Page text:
About

when we stabilise memory as something that happened, when we freeze it in place, we are in danger of forgetting how to remember


Hull-born, Manchester-based

Wayne Steven Jackson began making theatre, as co-founder of Escape, in 2004. Since then, he has become a solo artist, lecturer, workshop facilitator, writer, and collaborator. His work explores autobiographical experiences and the vulnerability of memory to map, challenge, and document social change. He exploits and experiments with technology as a second performer to represent voices that are, for a number of reasons, not present. His practice has been supported by hÅb, and previously greenroom (Manchester), through Method Lab and Works Ahead, and Arts Council England.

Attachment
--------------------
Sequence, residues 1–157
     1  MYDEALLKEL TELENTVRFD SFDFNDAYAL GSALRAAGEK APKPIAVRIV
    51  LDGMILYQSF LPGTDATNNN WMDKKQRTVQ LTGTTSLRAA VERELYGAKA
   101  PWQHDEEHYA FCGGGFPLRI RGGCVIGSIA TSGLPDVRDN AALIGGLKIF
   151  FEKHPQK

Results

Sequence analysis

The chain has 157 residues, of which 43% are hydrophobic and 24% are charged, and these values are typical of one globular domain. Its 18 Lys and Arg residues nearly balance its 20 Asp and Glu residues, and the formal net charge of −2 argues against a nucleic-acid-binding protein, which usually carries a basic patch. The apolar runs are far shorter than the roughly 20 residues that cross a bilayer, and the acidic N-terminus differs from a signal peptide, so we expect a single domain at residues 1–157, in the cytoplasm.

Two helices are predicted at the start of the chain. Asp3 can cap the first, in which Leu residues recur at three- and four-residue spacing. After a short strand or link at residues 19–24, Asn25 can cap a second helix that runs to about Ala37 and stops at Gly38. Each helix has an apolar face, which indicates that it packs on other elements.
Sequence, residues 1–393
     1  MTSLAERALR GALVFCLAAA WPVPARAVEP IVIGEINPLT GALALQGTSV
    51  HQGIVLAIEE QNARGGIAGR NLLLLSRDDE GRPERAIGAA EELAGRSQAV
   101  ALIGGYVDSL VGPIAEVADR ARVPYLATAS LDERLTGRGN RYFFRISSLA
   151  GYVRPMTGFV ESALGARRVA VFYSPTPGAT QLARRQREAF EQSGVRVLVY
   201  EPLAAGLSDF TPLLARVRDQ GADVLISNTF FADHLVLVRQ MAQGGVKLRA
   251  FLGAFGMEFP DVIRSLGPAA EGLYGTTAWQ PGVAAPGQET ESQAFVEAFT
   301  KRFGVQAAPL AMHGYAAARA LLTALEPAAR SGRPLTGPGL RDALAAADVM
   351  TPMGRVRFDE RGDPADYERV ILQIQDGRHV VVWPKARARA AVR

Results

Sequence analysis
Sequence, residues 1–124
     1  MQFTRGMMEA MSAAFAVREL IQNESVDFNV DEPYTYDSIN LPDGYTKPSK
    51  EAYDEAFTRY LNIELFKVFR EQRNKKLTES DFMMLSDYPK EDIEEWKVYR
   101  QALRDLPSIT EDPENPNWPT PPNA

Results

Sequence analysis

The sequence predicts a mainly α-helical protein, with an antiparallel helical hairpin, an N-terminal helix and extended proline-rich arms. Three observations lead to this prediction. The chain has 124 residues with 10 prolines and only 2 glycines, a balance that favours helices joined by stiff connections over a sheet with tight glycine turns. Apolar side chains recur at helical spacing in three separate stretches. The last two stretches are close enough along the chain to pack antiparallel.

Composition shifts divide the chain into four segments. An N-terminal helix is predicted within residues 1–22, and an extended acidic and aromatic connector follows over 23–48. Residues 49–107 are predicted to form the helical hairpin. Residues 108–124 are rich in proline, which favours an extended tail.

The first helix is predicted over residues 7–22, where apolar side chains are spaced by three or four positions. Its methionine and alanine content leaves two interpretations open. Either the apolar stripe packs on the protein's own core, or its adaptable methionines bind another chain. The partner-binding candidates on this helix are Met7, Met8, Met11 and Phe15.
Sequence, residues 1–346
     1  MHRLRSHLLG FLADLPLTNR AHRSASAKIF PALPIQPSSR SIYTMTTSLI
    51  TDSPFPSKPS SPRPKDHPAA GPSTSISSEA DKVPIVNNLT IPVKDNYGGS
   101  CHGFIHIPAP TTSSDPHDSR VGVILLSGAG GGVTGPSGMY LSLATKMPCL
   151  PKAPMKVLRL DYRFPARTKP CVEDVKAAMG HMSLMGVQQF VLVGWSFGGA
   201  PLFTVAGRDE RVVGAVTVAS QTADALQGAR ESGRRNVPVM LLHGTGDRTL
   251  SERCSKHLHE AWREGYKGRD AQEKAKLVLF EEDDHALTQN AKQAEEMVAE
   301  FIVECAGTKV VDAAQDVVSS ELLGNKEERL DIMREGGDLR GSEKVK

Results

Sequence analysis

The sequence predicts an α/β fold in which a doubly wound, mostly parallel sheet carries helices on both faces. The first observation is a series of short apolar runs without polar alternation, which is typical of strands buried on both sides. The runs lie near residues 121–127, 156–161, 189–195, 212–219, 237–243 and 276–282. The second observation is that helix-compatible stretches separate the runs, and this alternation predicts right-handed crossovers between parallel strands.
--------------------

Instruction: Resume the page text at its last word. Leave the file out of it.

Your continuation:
As Head of Theatre and Performance (TaP) at the Arden School of Theatre, he trains creative performers to make postmodern, innovative, and evocative new work. His 2019 doctoral research explored the performance of memory in connection to placemaking, specifically located in his home city of Hull during its year as City of Culture in 2017, and resulted in the critically acclaimed Now|Then. He is a published academic and has presented his research in theatre, performance, and memory both nationally and internationally including at Theatre and Performance Research Association’s annual conference (TaPRA), Queen’s University Belfast, and NCTE’s Assembly for Research in Birmingham, Alabama. He is also collaborative founder and senior lecturer for the trans-Pennine MA in Performance Practice with Sheffield Hallam University.